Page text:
Bestselling author presents new novel

New York Times bestselling author Victoria Patterson visited Santa Monica College last Tuesday to discuss her craft and new novel, "The Peerless Four."

The packed event, which was sponsored by the Associated Students and the English department, treated students and instructors to a 90-minute discussion about sports, writing, winning and losing.

The event featured Patterson reading an excerpt from her new book, which tells the story of a female Canadian track team that competed in the 1928 Amsterdam Olympics, the first ever in which female athletes were allowed to participate.

After stepping in front of the audience, Patterson introduced the excerpt by explaining that she had been inspired to write her new novel after realizing that none of the major sports novels were written by women, or for women.

However, the novel's focus is not only on women and sports, but "a meditation on winning and losing," said Patterson.

Unlike Patterson's previous works like "This Vacant Paradise" and "Drift," the new book marks a sharp swerve away from her usual material about the dark secrets and decadent lives of Newport.

The presented excerpt revealed Patterson's clear and descriptive language that sharply depicted the character's life and inner thoughts. Patterson's style is almost cinematic in the way she vividly describes moments and feelings.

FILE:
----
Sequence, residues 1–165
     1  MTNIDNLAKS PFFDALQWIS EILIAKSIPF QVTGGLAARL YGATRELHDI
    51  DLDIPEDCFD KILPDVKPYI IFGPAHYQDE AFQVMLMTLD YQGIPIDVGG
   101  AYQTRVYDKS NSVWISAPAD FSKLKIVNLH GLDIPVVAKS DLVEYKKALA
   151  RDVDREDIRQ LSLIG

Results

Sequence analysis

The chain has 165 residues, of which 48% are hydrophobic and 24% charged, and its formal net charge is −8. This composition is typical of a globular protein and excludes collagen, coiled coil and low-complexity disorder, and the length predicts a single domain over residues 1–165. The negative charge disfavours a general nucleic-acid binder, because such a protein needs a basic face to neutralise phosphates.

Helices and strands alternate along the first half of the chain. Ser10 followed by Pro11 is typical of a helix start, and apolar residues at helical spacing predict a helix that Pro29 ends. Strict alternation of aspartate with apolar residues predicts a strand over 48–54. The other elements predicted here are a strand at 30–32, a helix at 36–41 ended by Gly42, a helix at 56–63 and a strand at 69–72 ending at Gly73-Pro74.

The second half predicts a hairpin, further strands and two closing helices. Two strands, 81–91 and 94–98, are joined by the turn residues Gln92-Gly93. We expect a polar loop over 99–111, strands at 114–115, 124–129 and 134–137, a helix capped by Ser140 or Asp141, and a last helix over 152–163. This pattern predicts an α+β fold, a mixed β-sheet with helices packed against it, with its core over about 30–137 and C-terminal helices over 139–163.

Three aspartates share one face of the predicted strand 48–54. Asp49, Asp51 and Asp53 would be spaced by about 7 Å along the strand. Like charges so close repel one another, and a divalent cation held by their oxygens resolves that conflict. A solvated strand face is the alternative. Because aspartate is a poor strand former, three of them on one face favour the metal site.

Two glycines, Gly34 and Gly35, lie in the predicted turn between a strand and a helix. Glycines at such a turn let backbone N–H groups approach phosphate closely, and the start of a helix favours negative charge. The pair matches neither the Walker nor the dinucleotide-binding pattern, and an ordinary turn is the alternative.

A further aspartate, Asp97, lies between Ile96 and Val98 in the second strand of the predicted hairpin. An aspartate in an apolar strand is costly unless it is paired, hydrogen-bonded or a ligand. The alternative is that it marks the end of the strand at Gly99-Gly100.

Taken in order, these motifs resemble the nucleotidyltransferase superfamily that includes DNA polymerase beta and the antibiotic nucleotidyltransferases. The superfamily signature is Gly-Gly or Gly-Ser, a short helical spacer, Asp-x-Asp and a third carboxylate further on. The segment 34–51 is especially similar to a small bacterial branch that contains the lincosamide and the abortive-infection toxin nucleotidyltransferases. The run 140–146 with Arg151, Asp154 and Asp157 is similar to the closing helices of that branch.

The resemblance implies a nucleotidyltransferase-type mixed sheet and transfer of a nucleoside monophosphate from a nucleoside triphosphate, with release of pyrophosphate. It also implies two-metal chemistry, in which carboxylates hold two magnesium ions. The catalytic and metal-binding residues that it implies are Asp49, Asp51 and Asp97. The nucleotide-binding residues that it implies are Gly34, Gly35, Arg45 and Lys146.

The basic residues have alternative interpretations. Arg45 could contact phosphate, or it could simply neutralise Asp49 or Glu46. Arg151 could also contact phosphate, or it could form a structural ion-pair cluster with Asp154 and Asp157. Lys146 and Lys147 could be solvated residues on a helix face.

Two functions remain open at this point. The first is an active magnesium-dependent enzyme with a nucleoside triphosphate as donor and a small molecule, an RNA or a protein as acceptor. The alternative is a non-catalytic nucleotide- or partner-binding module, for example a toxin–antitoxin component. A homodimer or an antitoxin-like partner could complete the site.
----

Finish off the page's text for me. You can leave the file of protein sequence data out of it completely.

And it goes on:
After finishing the excerpt, Patterson led a discussion about the process of writing the novel.

"I just allowed my mind to completely wander, and I went about it like taking a walk in the night," she said. "I researched as much as I could. I thought about sports, and what does it mean to win, and what does it mean to lose."

Patterson did not only prepare for the novel by researching sports, but she also tried to adopt the language of the '30s.

"I read books written in that period to avoid sounding 'modern,'" she said. "I filled myself up until I was brimming and then exploded."

Patterson compared the art of writing to the kind of dedication and drive that could be found in athletes.

"I think there's a compulsive aspect to writing similar to sports," she said. "You need to have a sort of endurance."

She recommended that aspiring writers read the classics, especially her favorite, Henry James, and his works such as "The Portrait of a Lady" and "The Turn of the Screw."

"If you're a writer, you need to constantly read, constantly feed," she said.

Patterson is now working on what she described as her "big book," which will focus on a return to the world of Newport Beach.

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